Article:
Stained Glass Rays Set Design - October 2, 2015
Stained Glass Rays
The latest set design at Calvary Church was more of a solution to a problem more than it was trying to make an amazing set. You see, I have been working at the church full-time for 2 years, and as a former touring Lighting Director, I knew immediately that my nemesis in our auditorium was the stained glass window, which resided upstage center and was akin to the all-seeing eye from Lord of the Rings in regard to it's illiuminative properties. So, one of the first things I did was to discretely install some plexiglass panels in front of the window with 68% window tint on them to dumb down Sauron's gaze of 8900K in my room. The other thing I did was get in a habit of building sets that blocked the cross and stained glass window.
This habit did not endear me to some, the Seasoned Saints in particular.
So, when it came time to transition sets, (we do about 3 a year) I joked with my worship director that we should just build some lightboxes shaped like arrows pointing at the cross. That's when the lightning hit me right in the brain parts; Stained glass windows, that are coming from the stained glass window!
With every set, the first thing I do is sit in the middle of the room and stare at the stage. I think about anything that could possibly exist as a set, without regard for budget, rigging limitations, cost, or intricacy. When I get the idea, I go straight to Adobe Photoshop and edit my blank picture. Then, I measure the space based on the picture and the design.
In this case, I measured the size of the rays based on the amount of stained glass window designs I would need.
So, the biggest one is 16 ft long, 3 ft at the bottom and 1 ft at the top. That way, 1 4x8 piece of plywood design would cover a beam. Then, I made a 4"x8" stained glass outline out of some windows I found online in Adobe Illustrator. I turned them into vector designs, and sent them to my friend Vince over at Dust Furniture, who has a C&C table saw that cut the designs on 4x8 sheets of particle board. I lightly sprayed them with flat black spray paint; 1 can does 2 sheets.
The frames of the beams are made of 2x2's - 2x4's table sawed down the middle. We made the left side of the stage, then laid the lumber for the right side right on top and screwed it into place. Perfect symmetry.
I got a little busy, so there aren't great pictures for some of this, but just stay with me. We table sawed 190 linear ft of 45 degree lumber. You can get 4 out of a 2x4. Finish nail them on the back of your frame, and then attach the LED tape to the 45's with Cable staples.
Leave all the tails to your led tape on the ground. Separate the RGB and power lines, tin the ends, and using 22/4 security cable and either butt splices or terminal blocks, extend cables away from the frame. These will attach to your DMX encoder. The power supply needs to connect to the encoder, and then the cable whips connect to the encoder. *NOTE* Use ring terminals to connect your power to your power supply, and from the supply to your encoder, and sleep better at night.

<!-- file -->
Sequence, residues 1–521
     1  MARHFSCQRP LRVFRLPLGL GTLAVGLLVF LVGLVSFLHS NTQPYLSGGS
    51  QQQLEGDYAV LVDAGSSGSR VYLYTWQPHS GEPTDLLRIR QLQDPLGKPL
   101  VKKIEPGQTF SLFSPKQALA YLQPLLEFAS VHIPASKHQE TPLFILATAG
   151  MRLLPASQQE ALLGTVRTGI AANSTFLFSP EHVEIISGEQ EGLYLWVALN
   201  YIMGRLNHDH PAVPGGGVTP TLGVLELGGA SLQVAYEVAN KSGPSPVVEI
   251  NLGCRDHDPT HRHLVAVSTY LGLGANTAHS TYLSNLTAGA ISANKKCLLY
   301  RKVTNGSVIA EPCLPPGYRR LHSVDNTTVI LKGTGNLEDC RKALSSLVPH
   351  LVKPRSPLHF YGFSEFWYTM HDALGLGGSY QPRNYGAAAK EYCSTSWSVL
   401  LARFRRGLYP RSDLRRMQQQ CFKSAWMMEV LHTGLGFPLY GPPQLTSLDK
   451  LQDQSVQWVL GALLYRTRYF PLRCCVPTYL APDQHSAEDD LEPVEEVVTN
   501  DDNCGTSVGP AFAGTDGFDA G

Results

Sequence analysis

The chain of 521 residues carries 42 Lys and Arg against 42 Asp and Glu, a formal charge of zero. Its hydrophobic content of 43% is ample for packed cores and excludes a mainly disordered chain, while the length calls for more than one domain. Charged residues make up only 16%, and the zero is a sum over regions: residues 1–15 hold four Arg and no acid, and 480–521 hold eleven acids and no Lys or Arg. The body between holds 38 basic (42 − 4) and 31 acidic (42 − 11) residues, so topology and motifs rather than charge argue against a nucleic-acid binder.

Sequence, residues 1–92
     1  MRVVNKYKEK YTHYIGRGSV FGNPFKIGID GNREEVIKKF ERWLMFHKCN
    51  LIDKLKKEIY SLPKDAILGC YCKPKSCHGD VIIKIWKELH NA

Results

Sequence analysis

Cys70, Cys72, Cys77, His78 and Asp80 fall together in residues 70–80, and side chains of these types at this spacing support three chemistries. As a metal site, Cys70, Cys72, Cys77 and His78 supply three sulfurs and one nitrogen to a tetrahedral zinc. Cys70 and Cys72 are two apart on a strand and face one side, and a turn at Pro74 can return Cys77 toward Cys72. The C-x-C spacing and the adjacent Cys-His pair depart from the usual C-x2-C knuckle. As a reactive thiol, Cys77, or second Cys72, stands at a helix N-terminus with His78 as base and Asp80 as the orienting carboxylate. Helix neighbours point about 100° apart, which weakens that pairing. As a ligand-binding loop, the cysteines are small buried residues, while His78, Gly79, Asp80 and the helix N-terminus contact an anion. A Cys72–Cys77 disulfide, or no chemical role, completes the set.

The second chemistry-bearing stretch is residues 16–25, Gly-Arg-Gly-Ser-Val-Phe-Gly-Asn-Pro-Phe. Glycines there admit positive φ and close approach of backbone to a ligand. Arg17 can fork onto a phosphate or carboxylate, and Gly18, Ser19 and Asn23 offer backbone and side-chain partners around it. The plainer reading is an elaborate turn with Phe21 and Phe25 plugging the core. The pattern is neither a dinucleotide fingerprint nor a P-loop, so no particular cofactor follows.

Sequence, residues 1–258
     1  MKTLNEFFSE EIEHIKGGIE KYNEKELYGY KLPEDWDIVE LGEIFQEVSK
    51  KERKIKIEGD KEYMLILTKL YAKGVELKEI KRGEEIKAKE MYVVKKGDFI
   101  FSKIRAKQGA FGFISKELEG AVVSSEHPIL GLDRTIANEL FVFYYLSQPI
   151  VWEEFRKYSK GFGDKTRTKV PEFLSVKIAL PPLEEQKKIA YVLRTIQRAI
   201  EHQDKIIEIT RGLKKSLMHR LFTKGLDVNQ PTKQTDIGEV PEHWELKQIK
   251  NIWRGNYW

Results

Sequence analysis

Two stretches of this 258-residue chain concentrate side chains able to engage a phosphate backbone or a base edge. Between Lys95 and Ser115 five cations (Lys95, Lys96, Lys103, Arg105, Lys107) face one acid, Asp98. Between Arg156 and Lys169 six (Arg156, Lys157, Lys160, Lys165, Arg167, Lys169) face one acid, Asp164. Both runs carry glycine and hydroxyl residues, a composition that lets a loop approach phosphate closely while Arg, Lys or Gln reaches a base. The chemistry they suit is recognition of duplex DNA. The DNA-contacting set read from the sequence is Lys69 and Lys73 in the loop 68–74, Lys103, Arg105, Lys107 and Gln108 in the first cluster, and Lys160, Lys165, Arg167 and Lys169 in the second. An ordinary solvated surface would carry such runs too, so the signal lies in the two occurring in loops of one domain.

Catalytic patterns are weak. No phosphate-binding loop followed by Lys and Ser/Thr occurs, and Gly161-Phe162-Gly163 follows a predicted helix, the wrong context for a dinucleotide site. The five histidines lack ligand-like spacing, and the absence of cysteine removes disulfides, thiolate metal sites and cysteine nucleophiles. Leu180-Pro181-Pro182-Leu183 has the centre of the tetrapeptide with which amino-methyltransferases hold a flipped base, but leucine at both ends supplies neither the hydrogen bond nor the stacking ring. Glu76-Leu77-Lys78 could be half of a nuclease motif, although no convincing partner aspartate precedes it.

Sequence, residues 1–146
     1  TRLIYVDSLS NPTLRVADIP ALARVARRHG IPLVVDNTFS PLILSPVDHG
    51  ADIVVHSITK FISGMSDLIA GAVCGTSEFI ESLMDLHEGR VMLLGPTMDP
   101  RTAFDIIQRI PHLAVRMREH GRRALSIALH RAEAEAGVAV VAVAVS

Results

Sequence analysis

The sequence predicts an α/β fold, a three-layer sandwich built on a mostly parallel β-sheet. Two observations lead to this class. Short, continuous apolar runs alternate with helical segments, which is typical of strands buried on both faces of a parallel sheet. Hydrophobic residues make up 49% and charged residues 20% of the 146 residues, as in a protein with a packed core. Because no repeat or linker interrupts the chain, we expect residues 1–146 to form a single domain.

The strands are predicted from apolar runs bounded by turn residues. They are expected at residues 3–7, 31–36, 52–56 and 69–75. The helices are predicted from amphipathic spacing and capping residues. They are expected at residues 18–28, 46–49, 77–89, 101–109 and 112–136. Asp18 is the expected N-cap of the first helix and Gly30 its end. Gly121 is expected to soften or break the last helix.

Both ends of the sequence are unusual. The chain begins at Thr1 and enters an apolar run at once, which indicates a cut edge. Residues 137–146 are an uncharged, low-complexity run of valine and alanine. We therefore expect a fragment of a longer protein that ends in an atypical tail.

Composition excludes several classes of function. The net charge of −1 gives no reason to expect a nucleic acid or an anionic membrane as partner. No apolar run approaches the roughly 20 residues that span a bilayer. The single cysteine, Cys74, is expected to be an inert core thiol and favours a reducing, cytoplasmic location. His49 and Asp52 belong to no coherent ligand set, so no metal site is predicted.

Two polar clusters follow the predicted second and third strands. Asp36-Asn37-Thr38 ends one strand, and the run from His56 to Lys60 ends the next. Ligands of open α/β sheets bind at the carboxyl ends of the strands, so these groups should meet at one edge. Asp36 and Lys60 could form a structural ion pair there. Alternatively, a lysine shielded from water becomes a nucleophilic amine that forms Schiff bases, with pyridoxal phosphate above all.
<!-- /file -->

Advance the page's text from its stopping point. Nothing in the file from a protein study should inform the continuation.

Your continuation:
I had some 1/32 polypropylene sheets left over from a previous set that I got from US Plastics in Lima, OH. Those are on the front of the frames. Next, you need some colored cellophane from Hobby Lobby. I cut it into random squares and attached it with 3M spray adhesive #90. I overlapped them in spots to get even more colors. I bought the richest colors they had; red, blue, green, yellow, magenta, and green. Spray the glue right on the poly and slap them on. Also, don't be weird; wear a mask with spray adhesive. Once you have your LED tape on, and adhesive done, take some Tyvek home wrap, or equivalent, and staple it on the back. The LED's are going to hit that wrap and diffuse in a way that is going to make you start singing Christian songs.
Next is the best part. We took the 4x8 particle board, and slapped it on the front of the ray. We packing-taped the 90 degree angle, circular sawed off the angle, and put remainder on the top of the ray. Almost no scrap! We gaff taped over the edge so you don't see the tyvek from the side.
Then. we stood them up in place, and screwed them to the floor. They are kept from tipping forward or backward with mason line, painted the same color as the back wall, so they look like they are floating.
Safety Nerds: Home wrap has an average ignition point of 300 degrees fahrenheit. Mason line can hold a cinderblock suspended, so 3 points is plenty. The power supply should be mounted on a piece of plywood with sheet metal stapled to it as a heatsink to be extra safe. With this load, I haven't noticed heat problems though.
One more item. Remember that DMX encoder? Well, it worked awesome for me, but if you are a newbie, look up which ports the DMX cables are inserted in, and which is the in, and which is the out. Also, one of my analog dipswitches was bad, so you might need to fool with it. I made a custom RGB profile on the console, which is ENTTEC Lightfactory, a super non-complicated, yet reliable computer-to-dongle console.
That's it! Email me at firstname.lastname@example.org if you have questions.